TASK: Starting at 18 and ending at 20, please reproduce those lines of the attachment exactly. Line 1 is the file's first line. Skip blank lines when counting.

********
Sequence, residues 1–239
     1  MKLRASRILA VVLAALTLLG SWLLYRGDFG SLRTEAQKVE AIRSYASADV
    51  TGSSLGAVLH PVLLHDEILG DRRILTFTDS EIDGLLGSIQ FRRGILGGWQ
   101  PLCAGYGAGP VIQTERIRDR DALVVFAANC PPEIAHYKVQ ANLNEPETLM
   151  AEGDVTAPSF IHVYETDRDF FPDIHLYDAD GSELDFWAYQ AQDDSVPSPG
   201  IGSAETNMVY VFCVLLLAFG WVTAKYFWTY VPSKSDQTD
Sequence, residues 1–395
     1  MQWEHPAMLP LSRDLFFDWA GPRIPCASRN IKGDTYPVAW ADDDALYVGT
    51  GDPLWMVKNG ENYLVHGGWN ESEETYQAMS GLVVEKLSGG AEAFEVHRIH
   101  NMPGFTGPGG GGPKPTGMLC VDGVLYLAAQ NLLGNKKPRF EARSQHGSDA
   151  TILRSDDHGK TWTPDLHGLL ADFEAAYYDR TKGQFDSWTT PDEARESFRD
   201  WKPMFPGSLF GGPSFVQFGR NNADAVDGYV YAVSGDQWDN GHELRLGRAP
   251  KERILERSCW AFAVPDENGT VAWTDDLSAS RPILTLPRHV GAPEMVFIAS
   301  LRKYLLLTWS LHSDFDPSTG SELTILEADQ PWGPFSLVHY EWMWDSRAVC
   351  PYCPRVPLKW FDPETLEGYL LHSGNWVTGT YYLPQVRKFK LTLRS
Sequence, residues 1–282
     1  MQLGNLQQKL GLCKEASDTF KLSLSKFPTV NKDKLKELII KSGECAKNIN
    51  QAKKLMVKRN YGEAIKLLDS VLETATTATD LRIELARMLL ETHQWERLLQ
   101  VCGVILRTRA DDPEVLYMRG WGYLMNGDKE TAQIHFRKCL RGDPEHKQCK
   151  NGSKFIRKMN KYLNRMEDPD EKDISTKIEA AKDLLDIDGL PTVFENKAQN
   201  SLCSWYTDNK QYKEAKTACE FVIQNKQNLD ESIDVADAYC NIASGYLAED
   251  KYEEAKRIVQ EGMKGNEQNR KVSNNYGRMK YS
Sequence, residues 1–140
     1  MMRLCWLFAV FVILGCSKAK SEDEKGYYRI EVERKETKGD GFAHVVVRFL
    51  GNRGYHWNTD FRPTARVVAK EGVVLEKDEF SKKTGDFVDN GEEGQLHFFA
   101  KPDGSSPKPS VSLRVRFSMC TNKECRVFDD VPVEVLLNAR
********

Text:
    51  QAKKLMVKRN YGEAIKLLDS VLETATTATD LRIELARMLL ETHQWERLLQ
   101  VCGVILRTRA DDPEVLYMRG WGYLMNGDKE TAQIHFRKCL RGDPEHKQCK
   151  NGSKFIRKMN KYLNRMEDPD EKDISTKIEA AKDLLDIDGL PTVFENKAQN